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Diagnosis of MS



At this time, no single test is available to identify or rule out MS.
Several tests and procedures are needed. These are likely to include:

Complete Medical History
Healthcare providers need an overall view of the individual's health picture, including symptoms and when they began.

Nervous System Functioning
Testing of reflexes, balance, coordination, and vision— as well as checking for areas of numbness

Diagnostic Tests such as:

  • MRI scan, which gives detailed view of the brain
  • Evoked potential tests, which measure how quickly and accurately a person's nervous system responds to certain stimulation
  • Spinal tap, which checks spinal fluid for signs of the disease

Two Basic Signs are Required to Confirm MS

1. Signs of disease in different parts of the nervous system
2. Signs of at least two separate flare-ups (also called relapses or exacerbations) of the disease

Did you know...

Other conditions and problems may share some of the same symptoms of MS.

Diagnosis of Other Demyelinating Diseases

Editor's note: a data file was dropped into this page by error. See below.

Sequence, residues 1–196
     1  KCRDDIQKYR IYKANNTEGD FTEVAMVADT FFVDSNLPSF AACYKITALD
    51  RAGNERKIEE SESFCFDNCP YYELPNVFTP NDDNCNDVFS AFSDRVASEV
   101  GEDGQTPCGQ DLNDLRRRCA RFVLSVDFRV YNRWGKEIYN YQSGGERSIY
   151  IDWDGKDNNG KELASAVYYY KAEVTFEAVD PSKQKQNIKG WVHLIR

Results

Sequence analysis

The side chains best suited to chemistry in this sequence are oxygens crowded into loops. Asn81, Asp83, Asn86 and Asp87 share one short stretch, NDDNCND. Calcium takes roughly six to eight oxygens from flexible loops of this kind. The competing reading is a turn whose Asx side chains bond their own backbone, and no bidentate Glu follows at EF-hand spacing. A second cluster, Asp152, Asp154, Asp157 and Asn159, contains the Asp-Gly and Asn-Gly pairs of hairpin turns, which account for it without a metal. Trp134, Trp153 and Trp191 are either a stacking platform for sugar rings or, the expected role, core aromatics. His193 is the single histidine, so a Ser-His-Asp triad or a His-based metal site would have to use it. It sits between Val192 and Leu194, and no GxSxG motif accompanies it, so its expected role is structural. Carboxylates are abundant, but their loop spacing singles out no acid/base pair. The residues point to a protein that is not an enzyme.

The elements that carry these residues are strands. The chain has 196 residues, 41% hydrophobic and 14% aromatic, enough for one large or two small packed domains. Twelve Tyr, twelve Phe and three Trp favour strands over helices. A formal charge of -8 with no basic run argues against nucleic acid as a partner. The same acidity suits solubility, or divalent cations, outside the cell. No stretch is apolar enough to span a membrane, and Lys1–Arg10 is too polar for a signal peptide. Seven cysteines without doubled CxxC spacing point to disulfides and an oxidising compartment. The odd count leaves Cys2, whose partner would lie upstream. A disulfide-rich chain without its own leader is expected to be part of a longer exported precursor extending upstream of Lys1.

Amyotrophic Lateral Sclerosis (ALS—also known as Lou Gehrig’s Disease)

Depression

Guillain-Barré Syndrome (GBS)

Lyme Disease

Muscular Dystrophy

 

For more information

  • Cerebrospinal Fluid (CSF)
    Examination of this fluid in the central nervous system can provide clues to the diagnosis of MS and other diseases.

  • Evoked Potentials
    These tests of electrical activity are helpful in the diagnosis of MS because they detect a slowing in nerve impulses caused by demyelination.

  • Magnetic Resonance Imaging (MRI)
    An important diagnostic tool that makes it possible to visualize and count white matter lesions (damaged areas or scars) in the brain and spinal cord.


  • Medical Histories
    A person’s medical history is critical to the diagnosis of MS and to subsequent treatment decisions.
 
Last updated August 3, 2006